The nightingale (Luscinia megarhynchos) is a bird of legendary singing abilities, and continues its’ song after dark. Its’ Old English form, nihtgale, actually means "night songstress", although it is the male that actually sings.
It has been celebrated frequently in poetry from the time of Sappho in the sixth century B.C, and was most famously immortalised in John Keat’s sonnet. It is one of the migratory species and spends the winter in west Africa.
Late in the evening on 19th May, 1924, the BBC made its first live wildlife outside broadcast, from the cellist Beatrice Harrison's garden. A nightingale joined in, singing as she played. Listeners were so entranced by this duet that the cello and nightingale concerts were broadcast annually, eagerly awaited by listeners around the globe. Listen to Sam Lee celebrate the 90th anniversary of this event in the programme below:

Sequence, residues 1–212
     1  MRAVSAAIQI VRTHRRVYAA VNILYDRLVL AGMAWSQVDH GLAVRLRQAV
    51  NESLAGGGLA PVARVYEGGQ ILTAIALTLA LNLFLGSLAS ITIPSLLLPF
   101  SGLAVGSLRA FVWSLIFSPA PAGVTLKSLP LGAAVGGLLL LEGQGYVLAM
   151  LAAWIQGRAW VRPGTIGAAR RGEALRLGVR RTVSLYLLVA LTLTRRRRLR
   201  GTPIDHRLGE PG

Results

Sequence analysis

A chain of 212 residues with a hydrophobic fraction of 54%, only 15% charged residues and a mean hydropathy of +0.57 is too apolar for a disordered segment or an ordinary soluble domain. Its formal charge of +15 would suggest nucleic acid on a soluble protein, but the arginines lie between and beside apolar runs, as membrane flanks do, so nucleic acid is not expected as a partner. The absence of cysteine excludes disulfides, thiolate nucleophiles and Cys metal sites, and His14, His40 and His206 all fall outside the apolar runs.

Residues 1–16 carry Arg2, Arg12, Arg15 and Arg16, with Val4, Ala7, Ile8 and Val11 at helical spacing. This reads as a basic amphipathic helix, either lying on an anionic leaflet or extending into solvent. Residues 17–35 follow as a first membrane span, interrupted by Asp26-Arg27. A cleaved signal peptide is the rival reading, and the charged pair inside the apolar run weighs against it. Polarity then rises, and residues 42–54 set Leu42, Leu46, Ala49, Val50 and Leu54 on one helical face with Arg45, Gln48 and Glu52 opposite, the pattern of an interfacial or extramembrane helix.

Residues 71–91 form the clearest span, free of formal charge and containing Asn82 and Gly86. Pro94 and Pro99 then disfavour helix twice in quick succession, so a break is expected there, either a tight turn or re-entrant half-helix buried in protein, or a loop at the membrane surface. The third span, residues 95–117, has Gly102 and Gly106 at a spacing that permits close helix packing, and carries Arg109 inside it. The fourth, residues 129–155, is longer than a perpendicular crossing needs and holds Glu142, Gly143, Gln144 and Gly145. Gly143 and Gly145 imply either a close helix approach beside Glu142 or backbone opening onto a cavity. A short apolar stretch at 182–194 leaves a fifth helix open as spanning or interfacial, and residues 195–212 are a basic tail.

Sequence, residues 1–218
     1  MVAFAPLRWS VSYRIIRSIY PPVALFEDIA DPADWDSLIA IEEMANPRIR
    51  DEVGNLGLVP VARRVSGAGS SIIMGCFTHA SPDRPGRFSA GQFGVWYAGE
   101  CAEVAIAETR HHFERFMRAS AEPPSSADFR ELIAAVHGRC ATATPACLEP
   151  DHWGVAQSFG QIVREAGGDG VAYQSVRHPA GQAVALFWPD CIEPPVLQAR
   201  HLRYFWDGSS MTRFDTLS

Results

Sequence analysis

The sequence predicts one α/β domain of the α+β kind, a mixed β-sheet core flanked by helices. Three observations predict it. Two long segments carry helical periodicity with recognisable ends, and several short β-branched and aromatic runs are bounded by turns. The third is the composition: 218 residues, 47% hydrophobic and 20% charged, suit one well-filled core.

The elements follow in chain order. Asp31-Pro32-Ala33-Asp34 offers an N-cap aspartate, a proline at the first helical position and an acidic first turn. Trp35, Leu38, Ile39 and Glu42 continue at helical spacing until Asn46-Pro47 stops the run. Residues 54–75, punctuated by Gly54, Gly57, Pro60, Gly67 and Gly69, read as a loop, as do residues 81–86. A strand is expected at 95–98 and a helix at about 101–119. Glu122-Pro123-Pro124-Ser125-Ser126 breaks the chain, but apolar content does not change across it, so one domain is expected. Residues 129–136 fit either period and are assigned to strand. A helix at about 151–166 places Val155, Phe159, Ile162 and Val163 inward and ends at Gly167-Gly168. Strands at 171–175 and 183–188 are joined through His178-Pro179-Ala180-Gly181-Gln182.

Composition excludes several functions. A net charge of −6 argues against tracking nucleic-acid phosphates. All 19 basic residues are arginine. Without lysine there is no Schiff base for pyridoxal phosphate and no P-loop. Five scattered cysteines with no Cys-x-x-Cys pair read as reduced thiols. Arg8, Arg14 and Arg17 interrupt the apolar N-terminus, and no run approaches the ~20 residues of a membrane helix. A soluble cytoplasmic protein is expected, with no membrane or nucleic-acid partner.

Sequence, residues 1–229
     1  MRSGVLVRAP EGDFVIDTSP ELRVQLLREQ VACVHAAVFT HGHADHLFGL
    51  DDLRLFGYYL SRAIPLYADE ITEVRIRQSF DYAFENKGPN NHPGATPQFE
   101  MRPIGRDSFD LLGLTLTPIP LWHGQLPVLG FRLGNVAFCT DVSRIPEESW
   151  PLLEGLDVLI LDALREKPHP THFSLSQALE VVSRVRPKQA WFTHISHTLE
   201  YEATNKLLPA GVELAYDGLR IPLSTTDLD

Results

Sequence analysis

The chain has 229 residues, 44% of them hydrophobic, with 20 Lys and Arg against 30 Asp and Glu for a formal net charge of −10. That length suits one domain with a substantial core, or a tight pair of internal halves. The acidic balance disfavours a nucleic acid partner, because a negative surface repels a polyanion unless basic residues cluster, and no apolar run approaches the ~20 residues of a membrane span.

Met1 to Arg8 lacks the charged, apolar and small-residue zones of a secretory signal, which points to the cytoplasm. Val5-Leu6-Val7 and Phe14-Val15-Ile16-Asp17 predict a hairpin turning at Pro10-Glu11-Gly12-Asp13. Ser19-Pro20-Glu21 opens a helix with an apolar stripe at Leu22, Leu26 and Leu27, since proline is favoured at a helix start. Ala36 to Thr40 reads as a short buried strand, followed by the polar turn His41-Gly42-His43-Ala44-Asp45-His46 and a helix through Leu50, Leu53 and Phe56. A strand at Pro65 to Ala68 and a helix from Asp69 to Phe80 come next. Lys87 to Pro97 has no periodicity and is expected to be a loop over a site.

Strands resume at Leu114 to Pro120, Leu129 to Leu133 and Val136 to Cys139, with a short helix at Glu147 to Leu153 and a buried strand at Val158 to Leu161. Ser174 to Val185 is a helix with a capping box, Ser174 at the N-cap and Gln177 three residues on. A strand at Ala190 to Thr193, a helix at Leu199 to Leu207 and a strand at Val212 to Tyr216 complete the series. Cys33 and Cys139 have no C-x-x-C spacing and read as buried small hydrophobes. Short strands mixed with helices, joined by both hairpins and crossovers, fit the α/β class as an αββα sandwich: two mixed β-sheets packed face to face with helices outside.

Like many other species its’ numbers have declined substantially in recent years. As Michael McCarthy sadly observed in Say Goodbye to the Cuckoo, "...for the vast majority, myth was all that remained: the Nightingale’s corporeal being had vanished, leaving only an image behind it .”